Parental custody is the term used to describe the rights and responsibilities that parents have toward their children. It means that the parents provide for the physical, emotional, and mental needs of their children. When parents divorce, they need to figure out a way to continue providing the same level of care for the children while the parents aren’t together. Here are some common child custody questions about parental custody to help parents get started.
1. What parent should the child live with? This is the first custody question that the parents must address. There are many factors that should be taken into account to decide the answer. The parents should think about who the primary caregiver has been for the children, if either parent is staying in the house the children grew up in, if one of the parents has moved out of the school district or home town of the child, if there are relationships with step brothers and sisters that are important for the child to maintain, etc. Basically, the parents should try to keep consistency and stability in the child’s life. The child’s circumstances should be as close as possible to what they were before the parent’s separated. Depending on the children, they can live primarily with one parent and visit the other, or the parents can share joint custody and the children can have two households and live with both parents.
2. How do parents set up a custody and visitation schedule? The answer to this question involves thinking about many of the issues mentioned for the question above. Once the parents have decide where the children will live, they can come up with a schedule that outlines the custody and visitation. Again, this schedule is based on what the child needs to continue to develop relationships with both parents. There should be adequate visitation time for the non-custodial parent to bond with the child every week. The schedule should also take the child’s school and extra activities into account. If the parents have joint custody, they should split the time about evenly.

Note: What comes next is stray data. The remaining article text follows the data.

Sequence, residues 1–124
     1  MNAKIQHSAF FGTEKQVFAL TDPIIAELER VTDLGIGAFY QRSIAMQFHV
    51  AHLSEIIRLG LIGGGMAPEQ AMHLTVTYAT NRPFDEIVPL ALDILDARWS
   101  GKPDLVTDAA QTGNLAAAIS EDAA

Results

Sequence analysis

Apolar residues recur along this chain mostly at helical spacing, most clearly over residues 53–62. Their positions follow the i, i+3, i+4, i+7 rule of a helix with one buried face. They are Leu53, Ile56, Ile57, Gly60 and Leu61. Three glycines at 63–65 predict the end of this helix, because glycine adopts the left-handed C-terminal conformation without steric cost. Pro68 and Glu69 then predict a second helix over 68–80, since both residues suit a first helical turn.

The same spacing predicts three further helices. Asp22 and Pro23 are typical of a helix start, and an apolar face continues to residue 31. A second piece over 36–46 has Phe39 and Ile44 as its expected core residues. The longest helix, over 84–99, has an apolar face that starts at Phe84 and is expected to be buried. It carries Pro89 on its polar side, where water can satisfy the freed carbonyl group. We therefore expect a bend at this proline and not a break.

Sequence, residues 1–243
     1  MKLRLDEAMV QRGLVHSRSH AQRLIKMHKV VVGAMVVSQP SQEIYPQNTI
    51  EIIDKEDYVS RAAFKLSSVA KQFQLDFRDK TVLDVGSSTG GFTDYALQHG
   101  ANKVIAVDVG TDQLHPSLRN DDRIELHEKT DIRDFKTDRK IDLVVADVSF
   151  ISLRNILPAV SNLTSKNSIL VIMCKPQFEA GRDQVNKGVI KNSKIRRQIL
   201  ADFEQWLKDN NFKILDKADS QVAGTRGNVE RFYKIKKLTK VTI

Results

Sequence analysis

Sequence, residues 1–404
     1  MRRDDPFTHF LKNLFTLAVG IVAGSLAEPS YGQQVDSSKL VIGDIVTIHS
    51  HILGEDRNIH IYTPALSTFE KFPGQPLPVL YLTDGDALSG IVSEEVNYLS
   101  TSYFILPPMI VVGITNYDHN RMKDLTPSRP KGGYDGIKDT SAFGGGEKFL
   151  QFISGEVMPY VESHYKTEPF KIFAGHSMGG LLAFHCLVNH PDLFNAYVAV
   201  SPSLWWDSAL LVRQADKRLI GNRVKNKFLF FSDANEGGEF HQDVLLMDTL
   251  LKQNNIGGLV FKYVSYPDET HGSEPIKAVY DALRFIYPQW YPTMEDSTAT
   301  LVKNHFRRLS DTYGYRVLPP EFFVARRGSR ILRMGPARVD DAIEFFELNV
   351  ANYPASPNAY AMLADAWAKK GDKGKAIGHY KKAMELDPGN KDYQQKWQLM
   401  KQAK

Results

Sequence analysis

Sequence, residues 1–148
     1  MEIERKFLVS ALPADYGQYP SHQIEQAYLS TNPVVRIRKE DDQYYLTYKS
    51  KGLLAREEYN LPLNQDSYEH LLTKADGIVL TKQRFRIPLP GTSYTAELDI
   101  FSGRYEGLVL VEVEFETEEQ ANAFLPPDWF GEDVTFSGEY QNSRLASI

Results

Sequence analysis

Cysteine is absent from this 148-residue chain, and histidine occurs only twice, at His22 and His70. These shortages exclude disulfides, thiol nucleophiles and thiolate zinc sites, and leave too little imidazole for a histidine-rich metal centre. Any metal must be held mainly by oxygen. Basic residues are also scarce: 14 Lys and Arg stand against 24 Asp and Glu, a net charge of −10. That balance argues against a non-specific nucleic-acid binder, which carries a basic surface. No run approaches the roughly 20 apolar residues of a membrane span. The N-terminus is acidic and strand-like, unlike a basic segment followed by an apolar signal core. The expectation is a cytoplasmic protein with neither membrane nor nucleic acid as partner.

3. Where do the children spend the holidays? Part of the parental custody agreement is figuring out a holiday schedule. Typically, the parents divide up the holidays and switch them every year. It’s important to divide up the holidays equally and evenly–meaning both parents have the same number of big holidays. Parents can set this up however they want. Holidays can be divided in half so the parents can share, and they can also last a few days to allow for extra visitation.
4. Can the custody and visitation schedule change in the summer? If the child needs more consistency during the school year, but the parents want a joint custody arrangement, the time can be made up in the summer. One plan that deals with this is the Ackerman parenting plan. This is a schedule that divides up the time in a 9/5 split during the school year and a 10/4 split during the school year (the parents switch custody). You may find that coming up with a different schedule during the summer helps even out the time between the parents.
These are just some of the questions about parental custody. As parents work through their parenting plan and custody agreement they should seek out resources that can help them answer all of their questions. As they do this, they should be able to come up with an agreement that works for the children and both the parents.